Educators can’t get a break.
Teachers are routinely blamed for poor student achievement — even when kids come to school in no condition to learn — and for being greedy, with their outlandish desire for adequate pay and collective bargaining rights so they can’t be fired without cause. School leaders are accused of being tradition-bound and motivated too much by a desire to maintain the status quo (and their jobs).
Now there’s something new: Educators are being accused of fanning fear of Donald Trump. As if Trump hadn’t scared a lot of kids with his own rhetoric about, for example, tossing out millions of undocumented immigrants, banning Muslims from entering the country and mocking a reporter with a disability. As if many teachers didn’t confront kids coming to class already crying.
A piece in USA Today, written by two respected conservatives, Frederick Hess and Chester Finn, titled “Stop Teaching Anti-Trump Bias,” admonished educators for sowing fear among students and mourning the loss of Hillary Clinton. Hess is director of education policy studies at the American Enterprise Institute and Finn is a senior fellow and president emeritus at the Thomas B. Fordham Institute. They noted in their opinion piece that many messages have been sent out by schools and universities trying to address student fears and said in part:
Had Hillary Clinton won the bitter contest, would any of this have still been deemed necessary by so many educators? Of course not.
We’re no fans of the president-elect, whose behavior has frequently been appalling, whose policy ignorance is vast, and who appears to lack any coherent philosophy of government. That said, we are astonished that so many educators, schools and colleges chose to treat his election as reason to alarm their students and to suggest that only a Democratic victory would have aligned with the nation’s values.
Although some educators may have been lamenting the Clinton loss and the Trump victory, there is no evidence that “so many educators, schools and colleges” are reacting to the election because they are sore losers, or are teaching “anti-Trump bias.” Is talking to students about what Trump himself has said teaching “anti-Trump bias?”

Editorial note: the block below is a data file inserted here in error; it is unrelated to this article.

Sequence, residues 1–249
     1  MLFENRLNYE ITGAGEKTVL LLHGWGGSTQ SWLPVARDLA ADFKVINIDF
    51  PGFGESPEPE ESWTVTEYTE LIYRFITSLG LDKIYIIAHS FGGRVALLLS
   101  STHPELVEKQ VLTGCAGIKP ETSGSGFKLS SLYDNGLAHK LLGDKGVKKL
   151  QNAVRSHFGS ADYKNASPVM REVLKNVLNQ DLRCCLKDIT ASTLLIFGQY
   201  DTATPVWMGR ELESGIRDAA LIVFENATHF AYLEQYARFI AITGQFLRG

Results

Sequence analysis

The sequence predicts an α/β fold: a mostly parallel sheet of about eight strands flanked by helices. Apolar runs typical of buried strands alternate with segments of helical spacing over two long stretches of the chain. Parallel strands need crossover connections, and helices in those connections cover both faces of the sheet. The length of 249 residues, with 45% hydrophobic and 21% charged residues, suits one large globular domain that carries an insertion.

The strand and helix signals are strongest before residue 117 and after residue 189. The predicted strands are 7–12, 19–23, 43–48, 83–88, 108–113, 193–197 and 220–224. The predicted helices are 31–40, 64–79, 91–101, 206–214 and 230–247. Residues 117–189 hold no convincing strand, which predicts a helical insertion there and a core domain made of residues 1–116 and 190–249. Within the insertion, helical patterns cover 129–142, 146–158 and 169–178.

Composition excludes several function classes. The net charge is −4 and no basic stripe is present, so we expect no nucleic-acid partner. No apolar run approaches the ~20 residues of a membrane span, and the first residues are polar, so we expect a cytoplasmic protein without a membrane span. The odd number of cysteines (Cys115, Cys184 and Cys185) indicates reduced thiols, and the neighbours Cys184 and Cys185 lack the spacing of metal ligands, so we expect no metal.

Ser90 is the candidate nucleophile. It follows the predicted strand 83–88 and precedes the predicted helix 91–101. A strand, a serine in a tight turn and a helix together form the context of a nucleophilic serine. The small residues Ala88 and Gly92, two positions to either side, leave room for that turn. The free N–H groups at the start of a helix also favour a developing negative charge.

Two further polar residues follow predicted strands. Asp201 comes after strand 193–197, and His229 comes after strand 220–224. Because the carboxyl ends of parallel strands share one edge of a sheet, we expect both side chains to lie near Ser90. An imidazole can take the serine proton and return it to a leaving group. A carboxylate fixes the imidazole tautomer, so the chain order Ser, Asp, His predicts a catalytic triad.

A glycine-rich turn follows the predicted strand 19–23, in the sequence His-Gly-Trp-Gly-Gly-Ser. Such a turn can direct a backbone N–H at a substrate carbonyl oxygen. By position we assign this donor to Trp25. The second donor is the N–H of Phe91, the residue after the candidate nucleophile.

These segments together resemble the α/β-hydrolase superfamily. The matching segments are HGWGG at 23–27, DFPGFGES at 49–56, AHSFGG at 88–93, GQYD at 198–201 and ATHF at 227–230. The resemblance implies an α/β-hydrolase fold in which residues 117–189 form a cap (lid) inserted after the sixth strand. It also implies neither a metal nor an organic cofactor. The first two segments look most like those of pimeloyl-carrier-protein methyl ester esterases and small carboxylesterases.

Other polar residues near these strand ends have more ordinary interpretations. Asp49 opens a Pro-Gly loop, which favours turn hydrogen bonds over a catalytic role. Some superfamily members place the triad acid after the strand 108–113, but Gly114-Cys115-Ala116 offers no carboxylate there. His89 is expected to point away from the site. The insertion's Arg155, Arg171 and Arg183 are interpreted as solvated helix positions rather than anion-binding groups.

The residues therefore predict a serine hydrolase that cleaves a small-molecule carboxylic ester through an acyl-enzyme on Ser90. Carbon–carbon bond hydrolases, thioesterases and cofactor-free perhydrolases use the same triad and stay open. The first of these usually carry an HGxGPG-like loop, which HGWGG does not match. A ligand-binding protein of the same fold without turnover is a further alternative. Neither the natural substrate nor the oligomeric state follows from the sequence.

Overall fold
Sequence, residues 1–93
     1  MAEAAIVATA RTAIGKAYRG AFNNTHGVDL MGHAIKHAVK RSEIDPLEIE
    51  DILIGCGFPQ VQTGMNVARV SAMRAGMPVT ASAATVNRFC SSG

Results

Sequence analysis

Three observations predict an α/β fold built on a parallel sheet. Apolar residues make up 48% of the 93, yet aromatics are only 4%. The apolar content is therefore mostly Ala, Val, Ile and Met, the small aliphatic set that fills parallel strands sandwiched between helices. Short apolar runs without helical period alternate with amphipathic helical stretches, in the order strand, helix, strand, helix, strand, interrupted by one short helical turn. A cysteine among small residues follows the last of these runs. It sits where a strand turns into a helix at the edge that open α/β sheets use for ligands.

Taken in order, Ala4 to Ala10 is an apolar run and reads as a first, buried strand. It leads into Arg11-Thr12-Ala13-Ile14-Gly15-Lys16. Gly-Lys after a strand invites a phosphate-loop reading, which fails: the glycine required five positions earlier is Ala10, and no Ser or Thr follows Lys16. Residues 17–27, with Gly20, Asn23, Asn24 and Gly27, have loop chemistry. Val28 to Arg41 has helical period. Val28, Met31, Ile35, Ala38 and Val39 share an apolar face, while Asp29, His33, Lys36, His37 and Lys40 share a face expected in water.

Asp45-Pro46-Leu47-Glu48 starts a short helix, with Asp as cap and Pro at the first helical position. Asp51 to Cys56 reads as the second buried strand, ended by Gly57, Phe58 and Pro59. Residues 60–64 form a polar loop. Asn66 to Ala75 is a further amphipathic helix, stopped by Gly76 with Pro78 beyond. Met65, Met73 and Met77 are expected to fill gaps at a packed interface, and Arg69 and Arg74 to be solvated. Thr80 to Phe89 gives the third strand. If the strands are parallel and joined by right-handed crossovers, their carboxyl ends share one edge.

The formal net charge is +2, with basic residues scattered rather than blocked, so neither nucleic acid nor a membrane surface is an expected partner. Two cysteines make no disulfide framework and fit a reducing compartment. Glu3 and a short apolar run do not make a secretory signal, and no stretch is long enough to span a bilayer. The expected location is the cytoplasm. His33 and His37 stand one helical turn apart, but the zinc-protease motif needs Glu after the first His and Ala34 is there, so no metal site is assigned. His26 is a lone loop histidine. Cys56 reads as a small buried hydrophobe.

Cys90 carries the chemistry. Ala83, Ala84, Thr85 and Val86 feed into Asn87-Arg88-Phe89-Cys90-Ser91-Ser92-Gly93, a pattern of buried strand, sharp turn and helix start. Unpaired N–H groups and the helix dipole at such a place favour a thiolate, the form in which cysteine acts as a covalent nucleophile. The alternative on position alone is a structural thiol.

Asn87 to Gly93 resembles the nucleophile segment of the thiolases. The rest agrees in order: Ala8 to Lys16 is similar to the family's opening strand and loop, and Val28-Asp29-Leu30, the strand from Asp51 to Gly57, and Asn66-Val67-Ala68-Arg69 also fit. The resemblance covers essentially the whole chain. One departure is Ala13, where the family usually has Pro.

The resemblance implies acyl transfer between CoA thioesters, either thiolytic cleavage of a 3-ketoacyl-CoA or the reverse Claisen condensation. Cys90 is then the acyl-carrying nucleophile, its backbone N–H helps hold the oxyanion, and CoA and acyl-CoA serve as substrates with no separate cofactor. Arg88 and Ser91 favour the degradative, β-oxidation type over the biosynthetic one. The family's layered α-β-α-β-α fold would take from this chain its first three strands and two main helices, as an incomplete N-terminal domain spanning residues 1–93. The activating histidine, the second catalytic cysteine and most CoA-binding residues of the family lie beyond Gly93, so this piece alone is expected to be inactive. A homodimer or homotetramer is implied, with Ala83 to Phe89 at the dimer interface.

The Southern Poverty Law Center documented more than 200 incidents of intimidation and harassment based on race, ethnicity, gender, religion or sexual identity in the three days after the presidential election — not the usual response. Richard Cohen, the law center’s president, told USA Today that the level of hate crimes immediately after the election may be worse than what occurred right after the attacks of Sept. 11, 2001.
Violent acts of intimidation are, of course, nothing new. The FBI said that of the hate crimes reported in 2015, most were motivated by a race/ethnicity/ancestry bias, while about the same percentage was noted for acts motivated by religious bias and a sexual orientation or gender-identity bias. Blacks were mostly the victims of race bias, and Jews of religious bias, the report said. And it is true that many of these offenses — including acts against black, Jewish, Muslim and LGBTQ students — have gone without comment from school and district leaders. But that doesn’t mean that educators were right to have kept quiet in the past — and it doesn’t mean that they are now speaking up about student fears simply because Clinton lost.
Would some kids have been upset if Clinton had won? Sure. But there is no way to get around the fact that Trump caused fear in a lot of American kids by promising to deport millions of people (far more than the Obama administration, which has itself been quite busy on that front), banning Muslims from entering the country, making fun of a reporter with disabilities or bragging about assaulting women. Clinton just didn’t do that, like her or not.
That’s why, for example, Tom Torlakson, California’s state superintendent of public instruction, released a statement a few days after the election reassuring California public school students from kindergarten through grade 12 that they are all safe from discrimination and bullying: